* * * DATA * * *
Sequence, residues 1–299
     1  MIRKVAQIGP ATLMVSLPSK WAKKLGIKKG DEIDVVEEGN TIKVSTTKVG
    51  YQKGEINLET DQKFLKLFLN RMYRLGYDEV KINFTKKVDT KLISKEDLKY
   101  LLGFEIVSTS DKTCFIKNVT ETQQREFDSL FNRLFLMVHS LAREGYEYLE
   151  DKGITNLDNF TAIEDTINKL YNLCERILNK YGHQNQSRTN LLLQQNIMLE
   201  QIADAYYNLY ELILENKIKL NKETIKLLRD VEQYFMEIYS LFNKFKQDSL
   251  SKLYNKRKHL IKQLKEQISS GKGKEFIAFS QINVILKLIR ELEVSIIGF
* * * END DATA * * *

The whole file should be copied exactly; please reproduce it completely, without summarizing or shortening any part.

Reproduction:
Sequence, residues 1–299
     1  MIRKVAQIGP ATLMVSLPSK WAKKLGIKKG DEIDVVEEGN TIKVSTTKVG
    51  YQKGEINLET DQKFLKLFLN RMYRLGYDEV KINFTKKVDT KLISKEDLKY
   101  LLGFEIVSTS DKTCFIKNVT ETQQREFDSL FNRLFLMVHS LAREGYEYLE
   151  DKGITNLDNF TAIEDTINKL YNLCERILNK YGHQNQSRTN LLLQQNIMLE
   201  QIADAYYNLY ELILENKIKL NKETIKLLRD VEQYFMEIYS LFNKFKQDSL
   251  SKLYNKRKHL IKQLKEQISS GKGKEFIAFS QINVILKLIR ELEVSIIGF